statistically improve cell proliferation.
Chitosan is a commonly used polymer in biomaterials
research due to its good biodegradability,
biocompatibility and accessibility for surface modification [
Previously, we showed chitosan nanoparticles exhibited
neuroprotective effects in an acrolein-challenged PC-12
cell model . In this work, we extend the line of
investigation to BV-2 cells, an immortalized rat microglial line
that emulates the characteristics of primary microglia,
displaying similar inflammatory response and phagocytic
]. H2O2 was used as the challenge molecule
since it is a common oxidative stressor for modeling
many neurodegenerative diseases. For instance, Liu et al.
] reported a significant elevation of intracellular level of
H2O2 30 min after a weight drop induced SCI. These high
levels of H2O2 were maintained for over 11 h. H2O2 was
suggested to arise from O·2−. The post-injury activation
and sustained increase of H2O2 indicate that it was not
just an immediate response to SCI, and implicate H2O2 in
secondary injury processes associated with SCI [
To mimic the acute release of H2O2 post SCI injury, we
first constructed the H2O2 toxicity profile with BV-2 cells
at exposure ranges estimated in vivo or in other
experimental preparations [
]. The experimental results
show short term exposure to H2O2 (< 50 μM) suppressed
cell proliferation. Further assessment via
morphological analysis and with annexin-V/PI staining (reviewed
]) highlight differences in mode of cell death. Acute
exposure to high peroxide levels (5500 μM) induced cell
membrane damage and rapid necrosis in less than 2.5 h
whereas low levels of peroxide caused mostly apoptosis,
which was evident in the annexin V staining. This data is
not unexpected, and similar to other instances of
ROSSCI induced cell death, which is usually a combination of
necrosis and apoptosis [
]. Administration of
chitosan nanoparticles showed chitosan nanoparticles
protected microglia cells challenged with 5500 μM hydrogen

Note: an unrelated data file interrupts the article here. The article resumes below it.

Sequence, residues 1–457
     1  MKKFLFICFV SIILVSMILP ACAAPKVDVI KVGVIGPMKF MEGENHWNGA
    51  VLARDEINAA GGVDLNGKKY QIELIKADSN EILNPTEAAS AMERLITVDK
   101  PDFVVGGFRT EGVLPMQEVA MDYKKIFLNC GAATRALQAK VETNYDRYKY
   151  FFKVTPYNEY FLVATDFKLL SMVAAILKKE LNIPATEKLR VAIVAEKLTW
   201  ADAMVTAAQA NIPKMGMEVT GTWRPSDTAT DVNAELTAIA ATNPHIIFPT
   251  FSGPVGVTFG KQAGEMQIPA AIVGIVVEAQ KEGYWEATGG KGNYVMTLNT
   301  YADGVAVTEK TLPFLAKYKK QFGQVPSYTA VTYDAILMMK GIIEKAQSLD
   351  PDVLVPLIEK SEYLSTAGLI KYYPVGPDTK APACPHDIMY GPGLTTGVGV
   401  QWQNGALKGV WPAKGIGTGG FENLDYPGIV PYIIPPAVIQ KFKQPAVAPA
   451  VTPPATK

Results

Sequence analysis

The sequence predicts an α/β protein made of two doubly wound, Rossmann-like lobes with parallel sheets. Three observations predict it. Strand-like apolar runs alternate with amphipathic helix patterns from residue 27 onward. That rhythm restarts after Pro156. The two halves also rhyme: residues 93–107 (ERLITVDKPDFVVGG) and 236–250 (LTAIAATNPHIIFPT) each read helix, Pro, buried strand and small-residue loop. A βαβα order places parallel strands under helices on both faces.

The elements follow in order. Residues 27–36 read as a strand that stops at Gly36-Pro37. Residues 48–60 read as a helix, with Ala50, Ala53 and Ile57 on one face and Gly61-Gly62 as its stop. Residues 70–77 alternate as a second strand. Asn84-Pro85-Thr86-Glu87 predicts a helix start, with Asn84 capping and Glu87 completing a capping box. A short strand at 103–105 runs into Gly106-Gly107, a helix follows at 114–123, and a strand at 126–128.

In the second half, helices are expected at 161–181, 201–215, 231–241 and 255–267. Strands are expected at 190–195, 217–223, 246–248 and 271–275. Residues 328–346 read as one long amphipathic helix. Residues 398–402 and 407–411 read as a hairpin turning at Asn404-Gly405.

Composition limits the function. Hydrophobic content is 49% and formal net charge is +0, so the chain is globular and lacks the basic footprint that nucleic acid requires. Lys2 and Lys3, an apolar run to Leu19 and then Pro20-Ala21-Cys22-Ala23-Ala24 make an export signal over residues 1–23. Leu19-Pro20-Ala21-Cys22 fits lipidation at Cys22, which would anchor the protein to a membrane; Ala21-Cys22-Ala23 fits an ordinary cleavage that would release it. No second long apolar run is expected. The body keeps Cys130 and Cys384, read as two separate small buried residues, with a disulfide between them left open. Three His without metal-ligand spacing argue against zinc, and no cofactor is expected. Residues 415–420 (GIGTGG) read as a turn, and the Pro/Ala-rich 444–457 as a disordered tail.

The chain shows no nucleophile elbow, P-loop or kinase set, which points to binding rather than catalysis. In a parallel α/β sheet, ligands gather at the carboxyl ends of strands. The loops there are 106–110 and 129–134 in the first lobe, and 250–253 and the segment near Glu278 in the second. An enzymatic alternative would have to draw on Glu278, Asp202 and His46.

peroxide (Fig. 3) for 15 min. However, no improvement
in cell proliferation was observed between control and
the chitosan nanoparticle group was found when BV-2
cells were pre-treated with nanoparticles and
subsequently exposed to 50 μM hydrogen peroxide for 20 h.
The chitosan nanoparticles themselves were well
tolerated by the BV-2 cells based on proliferation assays.
The putative neuroprotective mechanism for
chitosan is sealing of damaged cell membranes in a manner
similar to fusogens such as polyethylene glycol [
Therefore, it is consistent to expect necrotic cells to be
sensitive to chitosan rescue. In contrast, low dosages of
peroxide (50 μM) caused cellular apoptosis—a process
that is biochemically driven, primarily irreversible and
does not involve membrane damage at the onset. This
was confirmed both morphologically and via annexin-V
staining. For apoptotic cells, chitosan NPs had no
therapeutic impact. While some studies also report
anti-oxidative properties of chitosan, especially if pre-incubated
with cells, such investigations are impractical outside of
in vitro cultures and may not reveal useful insights into
disease treatment [
]. Again, our current findings
also suggest pre-treatment with chitosan NPs does not
have a meaningful effect on low-dose H2O2 challenge.
Thus, we conclude that neuroprotection by chitosan
nanoparticles is largely due to a physical sealing of cell
membrane breaches, an observation that has been
corroborated by our prior work in chitosan, poloxamers,
poloxamines, and PEG [
3, 4, 6, 19–24
]. Due to the
versatility of chitosan nanoparticles as potential drug delivery
reservoirs/vehicles, these preliminary results offer
support for further therapeutic investigations.
This work was conducted with cell cultures and it
is unknown if the results are applicable in vivo or if
there may be longer-term benefits from nanoparticle
Additional file 1. Chitosan nanoparticles. Transmission electron
micrographs of chitosan nanoparticles. Most particles were 100 nm or less in
diameter. Corresponding table shows Chi-DSNPs did not significantly
inhibit cell proliferation after 20 h incubation at different concentrations
(0, 0.1, 0.2, 0.5 mg/ml).
ROS: reactive oxygen species; LPO: lipid peroxidation; NPs: nanoparticles; DS:
dextran sulfate; TPP: tripolyphosphate; Chi-DSNPs: chitosan-DS nanoparticles;
PS: phosphatidylserine; PI: propidium iodide.
BC and JL drafted the manuscript and analyzed the data. BC designed the
experiments. BC performed the experiments. RBB is the Principle Investigator
and Director of the CPR and is responsible for all elements of the research. All
authors read and approved the final manuscript.
We are grateful for the donation of the BV-2 cells by Dr. Jau-Shyong (John)
Hong and Mrs. Belinda C. Wilson (NIH, neuropharmacology group). We
appreciate the excellent illustrations and graphics by Michel Schweinsberg, and the
administrative assistance of Jennifer Danaher for manuscript preparation.
The authors declare they have no competing interests. There is no competing
interests of any sort in the reporting of these data relative to any author.
Availability of data and materials
All data generated or analyzed during this study are included in this published
Consent to publish
Ethics approval and consent to participate
This research was supported by the General Funds of the Center for Paralysis
Research (State of Indiana HB 1440), and a generous endowment from Mrs.
Mari Hulman George.
Springer Nature remains neutral with regard to jurisdictional claims in
published maps and institutional affiliations.